Zimbabwe has put 506 people under surveillance after they recently travelled to Chinese cities that are now hard-hit by the coronavirus outbreak.
Health and Child Care minister Obadiah Moyo said people returning from worst-hit areas in China had been asked to self-quarantine in their homes for two weeks and are restricted from going to public spaces such as offices or any gatherings.
“Rapid response units will also be set up in all provinces and at all border posts,” Information minister Monica Mutsvangwa told journalists in Harare. “Further updates will be made available in order to safeguard the nation at all times.”
The isolation and quarantine units have been established in Harare, Bulawayo and Victoria Falls. However, no one has been admitted at the centres so far.
The death toll from the coronavirus in mainland China had risen to 490 as of Wednesday with 24,324 infections so far.
Cases of the flu-like disease have also been recorded in over a dozen countries.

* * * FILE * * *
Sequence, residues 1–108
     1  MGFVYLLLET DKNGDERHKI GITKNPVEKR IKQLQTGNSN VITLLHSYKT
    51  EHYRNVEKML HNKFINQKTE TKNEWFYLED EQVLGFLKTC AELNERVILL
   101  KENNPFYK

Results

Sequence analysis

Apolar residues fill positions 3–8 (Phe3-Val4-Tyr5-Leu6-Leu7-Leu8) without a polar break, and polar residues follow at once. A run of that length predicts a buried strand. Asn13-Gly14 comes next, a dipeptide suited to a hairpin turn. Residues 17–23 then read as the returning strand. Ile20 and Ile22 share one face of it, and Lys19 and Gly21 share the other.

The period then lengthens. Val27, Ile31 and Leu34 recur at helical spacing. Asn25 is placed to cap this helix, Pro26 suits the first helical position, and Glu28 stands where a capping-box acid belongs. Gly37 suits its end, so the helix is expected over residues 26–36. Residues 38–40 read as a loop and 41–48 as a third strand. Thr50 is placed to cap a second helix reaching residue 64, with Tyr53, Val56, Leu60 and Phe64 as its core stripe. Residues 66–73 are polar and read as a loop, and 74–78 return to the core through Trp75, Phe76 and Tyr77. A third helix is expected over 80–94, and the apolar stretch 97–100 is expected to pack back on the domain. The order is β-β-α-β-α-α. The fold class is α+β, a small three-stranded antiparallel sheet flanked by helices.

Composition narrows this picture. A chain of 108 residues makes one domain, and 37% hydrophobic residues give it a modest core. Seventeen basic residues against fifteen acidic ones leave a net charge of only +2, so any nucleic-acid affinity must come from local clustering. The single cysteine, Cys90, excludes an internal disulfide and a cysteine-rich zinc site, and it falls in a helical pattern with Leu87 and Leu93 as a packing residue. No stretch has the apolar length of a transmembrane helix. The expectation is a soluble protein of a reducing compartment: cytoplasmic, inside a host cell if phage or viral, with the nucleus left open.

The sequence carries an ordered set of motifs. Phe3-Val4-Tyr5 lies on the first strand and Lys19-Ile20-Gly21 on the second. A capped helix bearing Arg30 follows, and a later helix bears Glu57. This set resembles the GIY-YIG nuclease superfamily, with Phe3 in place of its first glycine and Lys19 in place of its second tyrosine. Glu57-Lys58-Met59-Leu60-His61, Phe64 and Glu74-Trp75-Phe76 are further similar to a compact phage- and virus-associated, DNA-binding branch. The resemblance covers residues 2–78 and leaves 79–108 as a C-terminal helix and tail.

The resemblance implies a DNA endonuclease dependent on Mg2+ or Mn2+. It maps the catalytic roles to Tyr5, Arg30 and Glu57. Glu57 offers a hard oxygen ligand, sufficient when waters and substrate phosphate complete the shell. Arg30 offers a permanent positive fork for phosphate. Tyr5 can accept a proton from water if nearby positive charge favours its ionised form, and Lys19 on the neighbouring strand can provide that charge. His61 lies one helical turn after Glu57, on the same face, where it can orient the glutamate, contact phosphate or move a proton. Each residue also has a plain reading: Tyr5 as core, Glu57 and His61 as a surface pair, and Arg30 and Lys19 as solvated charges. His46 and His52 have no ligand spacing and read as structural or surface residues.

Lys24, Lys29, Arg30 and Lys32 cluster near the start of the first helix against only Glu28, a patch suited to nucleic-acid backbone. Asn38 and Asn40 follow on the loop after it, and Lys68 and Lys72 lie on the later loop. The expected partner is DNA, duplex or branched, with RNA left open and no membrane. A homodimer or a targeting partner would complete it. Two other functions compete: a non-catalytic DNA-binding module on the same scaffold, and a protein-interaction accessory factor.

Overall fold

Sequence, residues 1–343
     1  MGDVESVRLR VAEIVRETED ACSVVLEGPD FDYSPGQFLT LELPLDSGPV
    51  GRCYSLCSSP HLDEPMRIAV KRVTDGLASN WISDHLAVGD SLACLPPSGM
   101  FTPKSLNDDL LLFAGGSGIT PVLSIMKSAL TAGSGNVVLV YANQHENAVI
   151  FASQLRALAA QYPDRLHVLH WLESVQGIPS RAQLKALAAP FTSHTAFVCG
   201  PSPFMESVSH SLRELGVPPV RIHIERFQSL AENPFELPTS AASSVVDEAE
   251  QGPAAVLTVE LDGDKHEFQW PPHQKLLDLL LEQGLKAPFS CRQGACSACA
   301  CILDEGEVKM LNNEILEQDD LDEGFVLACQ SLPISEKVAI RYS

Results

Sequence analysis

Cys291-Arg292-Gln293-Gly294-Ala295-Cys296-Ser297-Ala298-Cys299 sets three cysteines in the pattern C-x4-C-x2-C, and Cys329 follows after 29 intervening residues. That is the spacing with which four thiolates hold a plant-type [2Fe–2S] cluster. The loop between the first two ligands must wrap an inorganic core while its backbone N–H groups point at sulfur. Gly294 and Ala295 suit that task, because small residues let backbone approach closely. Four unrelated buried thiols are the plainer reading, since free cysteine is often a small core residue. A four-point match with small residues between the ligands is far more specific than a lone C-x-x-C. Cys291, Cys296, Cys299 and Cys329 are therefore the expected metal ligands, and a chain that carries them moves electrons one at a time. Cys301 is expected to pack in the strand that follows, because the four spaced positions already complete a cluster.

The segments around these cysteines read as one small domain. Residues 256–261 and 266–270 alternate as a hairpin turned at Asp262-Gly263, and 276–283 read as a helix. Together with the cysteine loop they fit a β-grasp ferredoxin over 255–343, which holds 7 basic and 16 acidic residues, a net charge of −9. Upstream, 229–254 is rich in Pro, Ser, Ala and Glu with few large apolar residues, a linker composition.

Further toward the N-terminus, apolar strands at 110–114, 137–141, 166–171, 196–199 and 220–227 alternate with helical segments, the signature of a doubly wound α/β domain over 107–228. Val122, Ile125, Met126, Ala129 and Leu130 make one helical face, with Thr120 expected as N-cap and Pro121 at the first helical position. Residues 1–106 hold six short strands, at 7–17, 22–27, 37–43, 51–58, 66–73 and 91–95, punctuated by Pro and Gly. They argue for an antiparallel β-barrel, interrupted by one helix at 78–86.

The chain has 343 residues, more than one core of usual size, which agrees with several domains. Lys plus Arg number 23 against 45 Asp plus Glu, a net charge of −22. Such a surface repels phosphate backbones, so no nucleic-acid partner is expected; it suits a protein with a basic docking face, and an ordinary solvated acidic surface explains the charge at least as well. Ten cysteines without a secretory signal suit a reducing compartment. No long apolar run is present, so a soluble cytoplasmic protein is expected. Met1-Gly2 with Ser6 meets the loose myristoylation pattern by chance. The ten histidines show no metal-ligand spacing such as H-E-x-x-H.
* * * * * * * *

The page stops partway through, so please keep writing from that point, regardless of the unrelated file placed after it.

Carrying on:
A number of African countries have moved to restrict travel to China, but Zimbabwe has only encouraged its nationals to postpone their trips to China until the outbreak is brought under control.
Dr Moyo has insisted that the country’s health institutions were ready to deal with a coronavirus outbreak.
“Everyone is ready and the country is well equipped,” he said.
China’s ambassador Zimbabwe Gao Shaochum said the Chinese community was being sensitised about the outbreak.
“Those who have returned from the most affected regions in China, such as Hubei Province, are advised to delay coming back to Zimbabwe until the situation eases in order to reduce the risk of bringing the virus to Zimbabwe,” Mr Gao told The Herald newspaper.
Zimbabweans that regularly travel to China include students and informal traders.
The southern African country also has a big population of Chinese nationals working on various projects funded by Beijing.
The projects include the construction of a “new capital city” on the outskirts of Harare where a new Parliament building is being built.
Zimbabwe’s health system is bearing the brunt of an economic crisis that has left hospitals without equipment and drugs.
Last year, doctors went on a four-month long strike demanding an improvement in their working conditions and payment of salaries in foreign currency.
Last month, Zimbabwe billionaire Strive Masiyiwa, through his philanthropic arm Higher Life Foundation, offered to pay the doctors a monthly allowance of about $300 for six months so that they go back to work.
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